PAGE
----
THE LAST DITCH An Englishman returned after twenty years abroad blogs about liberty in Britain
Judge critical of MI5 testimony
Army chief denies Government rift

General seeks UK Iraq withdrawal

Link: BBC NEWS | UK | General seeks UK Iraq withdrawal.

The blogosphere is enjoying the Government's embarrassment. I think Sir Richard should be fired. He is entitled to his views, but the Army exists to defend the realm and to implement with deadly force the foreign policy of the elected government. He has a positive duty to make his views known to his political masters. As Chief of the General Staff, he will have had ample opportunity to do so. For him to criticise that policy in public is disloyal, to say the least.

There are two possible justifications. One would be if the Government has been trying to use him to make propaganda. If he was ordered to give the interview, then I would entirely respect him for telling the truth as he sees it. This government has "form" for that, at least in relation to the police. Chief Constables have long been reduced to Government mouthpieces and have done themselves no credit by their willingness, nay eagerness, to play politics. They have lost the respect of the public and put an end to "policing by consent." Sir Richard would be right not to make the same mistake on behalf of the Army.

The second would be if he was authorised by his Commander-in-Chief, the Queen. If Her Majesty has tipped him the wink, however, that would amount to a constitutional crisis of the first order. Like my glorious namesake, I am a Republican. Much as I like and respect Her Majesty personally (unlike her idiot heir) I must hope that she, normally so acute, has mis-stepped. That would damage the monarchy as much as Sir Richard's remarks will damage the Government.


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"I say this with a heavy heart, because I think that the Chief of Staff is right in what he is saying, but he has no constitutional role to utter such seditious remarks about the elected government of the day, no matter how dishonest and craven that government is"

You do realise this interview was approved by the MOD?

The General is commenting on military matters with the permission of the MOD, it wasn't about Blair. That is what the media want this to be about, but it's not. He hasn't disobyed a lawful order, or told the army they are coming home regardless of the governments wishes.

As for the government seeking exit to please the military as you (GUTHRUM) put it on your own blog. If HM Forces were telling the government what to do, do you think all those infantry regiments with centuries of service would have been amalgamated? Or that we'd still be trying to fight in two theatres on the cheap?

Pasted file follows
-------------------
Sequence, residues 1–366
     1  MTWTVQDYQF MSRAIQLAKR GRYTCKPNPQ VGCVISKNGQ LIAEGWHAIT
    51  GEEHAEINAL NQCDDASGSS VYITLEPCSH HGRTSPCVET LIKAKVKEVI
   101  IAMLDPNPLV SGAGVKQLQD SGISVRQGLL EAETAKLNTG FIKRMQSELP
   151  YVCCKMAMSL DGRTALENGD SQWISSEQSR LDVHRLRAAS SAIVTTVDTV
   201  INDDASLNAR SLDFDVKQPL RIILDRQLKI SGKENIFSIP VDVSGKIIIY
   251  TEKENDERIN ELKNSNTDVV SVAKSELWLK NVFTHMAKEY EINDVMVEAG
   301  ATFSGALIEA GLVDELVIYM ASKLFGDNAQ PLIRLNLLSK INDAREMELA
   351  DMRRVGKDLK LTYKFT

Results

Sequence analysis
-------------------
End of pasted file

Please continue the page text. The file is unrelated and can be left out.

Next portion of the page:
If the only people you can suggest as representatives of "culture" are Alan Bennett or Simon "I could never vote Tory" Schama are representatives of "culture" then God help us when the republic you dream about is born. Frankly, if we must have a republic, the president (who should only have the "decorative" function of the present dispensation)should be selected by lot: the idea of any politician or so-called "celebrity" becoming pres is appalling.


Why do monarchists always use this arguement about either President Blair or Thatcher, we can still have a Political Prime Minister, and a representatative of culture as President, Alan Bennett,Simon Schama etc. The American model of a Republic is not the only one, which just replaces a constitutional monarch with an elected one with despotic powers.


1. According to Sir Richard on his interview on Today this morning he had the go-ahead from Des Browne

2. He made some unexceptionable remarks (if taken in context) about the length of our military engagement in Iraq (a small part of his interview in the Mail BTW): this was not the panicked "let's get out now no matter what!!" statement sought by the BBC etc.

3. Much as I revere your namesake, Tom, the greatest argument against a republic is "Mr President Blair and the First Lady".


What an unholy mess Blair has put in. This is the worst intervention by the Military since the rule of the Major-Generals in the 1650's. If Blair does not sack him by the end of today, it will be a constitutional crisis of the first order. I say this with a heavy heart, because I think that the Chief of Staff is right in what he is saying, but he has no constitutional role to utter such seditious remarks about the elected government of the day, no matter how dishonest and craven that government is. If the Royal family has any role in this, it would be the final step to a Republic that I would openly welcome, then we could dispense with the nose in the trough honours and peerages. The last intervention by the military was that of the army doing a security exercise at Heathrow, that rumour has it that they failed to inform No 10 about, and was perceived as a 'show of strength'. The Chief of Staff has to go immediately, rapidly followed by Blair,then rapidly by a general election.

Reading on the Bog

Sadly, he should be sacked. I actually find the prospect of mutiny in our armed forces THE most shocking aspect of living in Blair's Britain.

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